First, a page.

On-Court Focus Strategies to Get Out of Your Own Head

Last fall I introduced the high school girls’ tennis team to a structured approach to training with various focus strategies for improved mental performance.   My contention is using one of these focus strategies could be especially helpful on the big points or in closing out a match.  The focus strategies below should be part of your toolbox of options to use during the point.  Part of the between point time is used for recovery from the prior point and for strategic planning.  But during the point, rely more on your subconscious to help you.  It’s time to “get out of your own head,” trust yourself, and play.  

External Strategies

Focus in on one of these senses:

  1. Sight – focus intently on watching the seams of the ball rotate.
    Does the ball spin more or less after the bounce?
    Become fascinated by this development.
  2. Feel (touch) – focus on your muscle tension level, particularly in your hand, forearm, and shoulders.  Let your muscles stay loose and relaxed.  Use soft hands so you can “feel” the ball.
  3. Hear – listen to the sound of the ball hitting the racquet strings and hitting the ground.  Look forward to hearing the sound on contact by your opponent and by you.  Let the sound be music to your ears.  

Hybrid (External-Internal) Strategy

Combination of sight & present focus

  1. Silence –  The Sound of Silence (song) by Simon & Garfunkel
    “The vision that was planted in my brain still remains within the sound of silence.”  Your mind becomes quiet and clear.  Let your mind go silent as you trust the vision planted in your brain from your practice repetition.  It’s just you and the ball, nothing else matters.  It becomes a flow experience with you being at one with the ball.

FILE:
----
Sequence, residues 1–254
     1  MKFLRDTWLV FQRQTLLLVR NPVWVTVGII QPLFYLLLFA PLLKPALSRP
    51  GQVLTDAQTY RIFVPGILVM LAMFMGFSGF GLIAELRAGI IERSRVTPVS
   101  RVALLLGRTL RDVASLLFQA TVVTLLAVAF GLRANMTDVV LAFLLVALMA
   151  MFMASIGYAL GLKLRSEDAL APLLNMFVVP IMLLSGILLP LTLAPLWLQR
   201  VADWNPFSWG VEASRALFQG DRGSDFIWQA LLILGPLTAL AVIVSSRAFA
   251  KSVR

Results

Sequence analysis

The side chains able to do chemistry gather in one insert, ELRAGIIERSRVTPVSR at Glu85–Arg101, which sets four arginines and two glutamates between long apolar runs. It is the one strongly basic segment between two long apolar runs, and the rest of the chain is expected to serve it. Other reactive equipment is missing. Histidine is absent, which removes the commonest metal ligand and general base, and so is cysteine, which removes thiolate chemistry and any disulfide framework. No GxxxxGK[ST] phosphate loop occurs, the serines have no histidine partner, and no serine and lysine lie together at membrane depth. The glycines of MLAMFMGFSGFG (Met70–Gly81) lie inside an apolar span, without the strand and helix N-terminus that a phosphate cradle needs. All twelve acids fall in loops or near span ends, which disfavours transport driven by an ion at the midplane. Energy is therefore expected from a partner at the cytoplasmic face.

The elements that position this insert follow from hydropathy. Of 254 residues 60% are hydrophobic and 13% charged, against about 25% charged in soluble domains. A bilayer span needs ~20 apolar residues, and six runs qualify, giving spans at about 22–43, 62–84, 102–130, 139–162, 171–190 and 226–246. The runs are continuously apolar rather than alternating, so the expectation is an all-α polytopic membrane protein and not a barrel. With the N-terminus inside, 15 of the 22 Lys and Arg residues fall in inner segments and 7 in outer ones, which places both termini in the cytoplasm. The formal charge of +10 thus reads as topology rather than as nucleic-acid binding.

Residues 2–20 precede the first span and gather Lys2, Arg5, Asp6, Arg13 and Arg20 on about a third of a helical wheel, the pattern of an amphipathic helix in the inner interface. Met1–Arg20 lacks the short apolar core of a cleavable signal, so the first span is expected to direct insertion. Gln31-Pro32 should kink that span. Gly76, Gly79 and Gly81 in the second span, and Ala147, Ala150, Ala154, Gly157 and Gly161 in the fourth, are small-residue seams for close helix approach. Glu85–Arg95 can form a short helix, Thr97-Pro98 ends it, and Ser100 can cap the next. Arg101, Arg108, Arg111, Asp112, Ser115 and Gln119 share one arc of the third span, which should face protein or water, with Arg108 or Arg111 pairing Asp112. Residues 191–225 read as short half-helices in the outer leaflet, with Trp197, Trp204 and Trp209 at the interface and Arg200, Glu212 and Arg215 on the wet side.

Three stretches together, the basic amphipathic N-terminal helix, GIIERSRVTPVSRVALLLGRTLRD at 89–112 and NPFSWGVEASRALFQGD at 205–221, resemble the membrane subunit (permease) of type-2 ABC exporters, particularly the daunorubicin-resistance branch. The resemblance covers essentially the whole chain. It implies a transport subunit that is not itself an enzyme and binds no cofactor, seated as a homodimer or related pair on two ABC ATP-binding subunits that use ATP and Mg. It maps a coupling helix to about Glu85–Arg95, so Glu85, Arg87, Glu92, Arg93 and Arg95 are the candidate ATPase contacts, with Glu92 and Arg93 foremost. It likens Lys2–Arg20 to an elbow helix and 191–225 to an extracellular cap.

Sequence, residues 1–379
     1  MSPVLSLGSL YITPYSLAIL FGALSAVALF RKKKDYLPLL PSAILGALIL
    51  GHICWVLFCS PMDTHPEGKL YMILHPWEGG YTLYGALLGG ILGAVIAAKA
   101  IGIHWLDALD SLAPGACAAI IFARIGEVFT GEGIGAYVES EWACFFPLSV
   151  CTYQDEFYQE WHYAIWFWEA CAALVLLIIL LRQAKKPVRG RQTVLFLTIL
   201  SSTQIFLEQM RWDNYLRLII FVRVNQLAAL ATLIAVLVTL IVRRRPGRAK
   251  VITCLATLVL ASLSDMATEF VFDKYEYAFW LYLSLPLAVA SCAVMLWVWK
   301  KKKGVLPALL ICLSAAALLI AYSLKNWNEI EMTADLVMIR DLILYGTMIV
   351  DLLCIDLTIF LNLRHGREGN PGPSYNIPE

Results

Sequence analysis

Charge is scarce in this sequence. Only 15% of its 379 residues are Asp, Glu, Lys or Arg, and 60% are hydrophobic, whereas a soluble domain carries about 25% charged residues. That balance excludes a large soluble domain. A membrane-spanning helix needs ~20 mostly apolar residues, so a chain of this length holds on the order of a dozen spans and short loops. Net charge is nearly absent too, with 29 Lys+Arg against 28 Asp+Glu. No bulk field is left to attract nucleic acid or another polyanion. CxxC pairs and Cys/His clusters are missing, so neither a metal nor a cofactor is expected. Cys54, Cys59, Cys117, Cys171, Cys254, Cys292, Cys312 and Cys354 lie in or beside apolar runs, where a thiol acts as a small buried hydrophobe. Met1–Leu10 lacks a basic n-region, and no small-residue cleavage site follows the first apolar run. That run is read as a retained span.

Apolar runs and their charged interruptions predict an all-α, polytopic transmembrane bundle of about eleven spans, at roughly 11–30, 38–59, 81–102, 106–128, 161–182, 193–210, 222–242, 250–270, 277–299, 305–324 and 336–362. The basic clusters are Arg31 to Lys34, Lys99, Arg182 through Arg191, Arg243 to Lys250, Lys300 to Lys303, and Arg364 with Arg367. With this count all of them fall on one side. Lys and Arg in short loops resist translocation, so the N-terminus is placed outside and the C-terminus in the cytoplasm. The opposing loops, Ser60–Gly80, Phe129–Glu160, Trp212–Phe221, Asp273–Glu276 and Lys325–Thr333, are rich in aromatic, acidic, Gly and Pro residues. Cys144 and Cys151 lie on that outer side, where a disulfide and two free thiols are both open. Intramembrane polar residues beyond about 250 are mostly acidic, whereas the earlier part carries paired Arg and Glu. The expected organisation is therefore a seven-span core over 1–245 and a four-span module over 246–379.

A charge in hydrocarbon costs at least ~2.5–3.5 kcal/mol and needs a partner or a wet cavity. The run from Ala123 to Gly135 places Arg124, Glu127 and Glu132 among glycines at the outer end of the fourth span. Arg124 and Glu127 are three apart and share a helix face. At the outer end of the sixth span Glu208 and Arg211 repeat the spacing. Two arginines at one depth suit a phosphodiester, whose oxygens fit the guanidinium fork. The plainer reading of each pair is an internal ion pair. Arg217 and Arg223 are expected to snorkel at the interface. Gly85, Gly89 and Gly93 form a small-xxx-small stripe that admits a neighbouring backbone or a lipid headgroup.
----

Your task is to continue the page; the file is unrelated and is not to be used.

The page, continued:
Internal Strategy

  1. Auto-Pilot “BTP” = Breathe, Trust, & Play
    Let yourself focus on exhaling with the hit, trust your natural rhythm
    and timing, and follow-through with confidence.  Remind yourself before the point you love a challenge and then get out of your head and play.
    The focus becomes on the breath.

Experiment with the focus strategies during practice before you incorporate them into live competition.  You will determine which strategy works best for you.  Some players might be able to use one external strategy and one internal strategy at the same time.  Otherwise, keep it simple and choose one strategy to use and go with it during the point.  Let yourself “think” intuitively with physical, emotional, and mental freedom.

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